Google has been adamant in making sure that Gmail users know they have not been scanning their inboxes and selling information to advertisers. This seems to be a now common sentiment in the tech industry. But it looks like Yahoo doesn’t feel the same way as they consider it to still be a marketing gold mine in order to get advertisers in. This is according to the current and former employees of the company as well as those who have attended the advertising pitches of their parent company.

Yahoo is currently owned by the Oath unit of Verizon and it seems that they have actually been pitching to advertisers a service that will analyze the more than 200 million Yahoo Mail users’ inboxes in order to know what people are buying or are interested in. Obviously, people’s email inboxes are a rich source of data and it looks like Yahoo is not above using this data to monetize through advertising.

While everyone else is going to great lengths to assure their users that their data is private, Yahoo seems to be bucking that trend. The practice even extends to AOL Mail which is also owned by Verizon and so they are the only major email providers that still do email scanning for advertising purposes. The carrier has envisioned Oath as a competitor to rival Google and Facebook in terms of advertising since they own a lot of entries that can marry data from wireless subscribers to highly trafficked online hubs.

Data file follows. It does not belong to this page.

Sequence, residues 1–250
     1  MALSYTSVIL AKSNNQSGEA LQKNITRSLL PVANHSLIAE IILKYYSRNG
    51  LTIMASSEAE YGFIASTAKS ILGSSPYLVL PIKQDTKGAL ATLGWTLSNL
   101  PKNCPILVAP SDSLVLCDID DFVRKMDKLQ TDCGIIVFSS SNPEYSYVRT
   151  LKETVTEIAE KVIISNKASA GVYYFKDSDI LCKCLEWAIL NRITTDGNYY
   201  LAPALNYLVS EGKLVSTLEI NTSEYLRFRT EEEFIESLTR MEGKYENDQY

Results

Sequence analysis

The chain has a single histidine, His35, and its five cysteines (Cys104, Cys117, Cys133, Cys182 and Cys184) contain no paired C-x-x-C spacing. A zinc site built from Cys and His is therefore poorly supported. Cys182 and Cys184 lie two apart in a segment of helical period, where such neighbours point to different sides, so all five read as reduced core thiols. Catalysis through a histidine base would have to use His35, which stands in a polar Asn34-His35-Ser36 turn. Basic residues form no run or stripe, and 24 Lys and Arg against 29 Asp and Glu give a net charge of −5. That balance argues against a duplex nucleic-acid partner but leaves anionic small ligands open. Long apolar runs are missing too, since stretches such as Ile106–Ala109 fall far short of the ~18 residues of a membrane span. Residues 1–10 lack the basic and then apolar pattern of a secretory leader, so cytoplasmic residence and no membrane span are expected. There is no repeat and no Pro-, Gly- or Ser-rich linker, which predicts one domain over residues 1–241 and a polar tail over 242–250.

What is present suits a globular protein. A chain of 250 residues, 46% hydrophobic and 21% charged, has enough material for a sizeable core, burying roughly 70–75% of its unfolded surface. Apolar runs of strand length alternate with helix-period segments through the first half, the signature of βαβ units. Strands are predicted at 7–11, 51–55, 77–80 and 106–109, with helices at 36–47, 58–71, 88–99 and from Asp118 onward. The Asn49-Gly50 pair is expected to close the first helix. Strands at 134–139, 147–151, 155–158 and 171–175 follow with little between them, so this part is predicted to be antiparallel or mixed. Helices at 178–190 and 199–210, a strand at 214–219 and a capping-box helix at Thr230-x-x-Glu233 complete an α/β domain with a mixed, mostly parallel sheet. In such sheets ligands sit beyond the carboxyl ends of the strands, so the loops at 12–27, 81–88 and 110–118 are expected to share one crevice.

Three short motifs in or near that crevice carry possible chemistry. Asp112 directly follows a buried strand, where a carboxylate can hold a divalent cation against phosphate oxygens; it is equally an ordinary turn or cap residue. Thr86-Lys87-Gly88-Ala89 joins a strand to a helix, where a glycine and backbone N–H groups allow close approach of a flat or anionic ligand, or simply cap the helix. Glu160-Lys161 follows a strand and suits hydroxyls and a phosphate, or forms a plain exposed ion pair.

According to Doug Sharp, Oath’s VP of data, it is one of their most effective methods for improved ad targeting, but clarified that this practice is only for commercial emails in their users’ accounts, like the ones from email marketing of companies and retail emails as well. Users know very well that being served ads is one way for them to keep using services for free, and so they would prefer that they are served ads relevant to them.

Yahoo does have an ad-free service where users pay $3.49 per month, but that’s probably not a very popular service. And emails still get scanned there anyway. Users do have an opt-out for both the free and paid service but unsurprisingly, not a lot of people know about it. Sharp did say they changed their terms of service this year to comply with the EU Data Privacy Act but users probably just skipped over it. For Yahoo users out there, are you surprised that they still do email scanning and how do you feel about it?

SOURCE: Wall Street Journal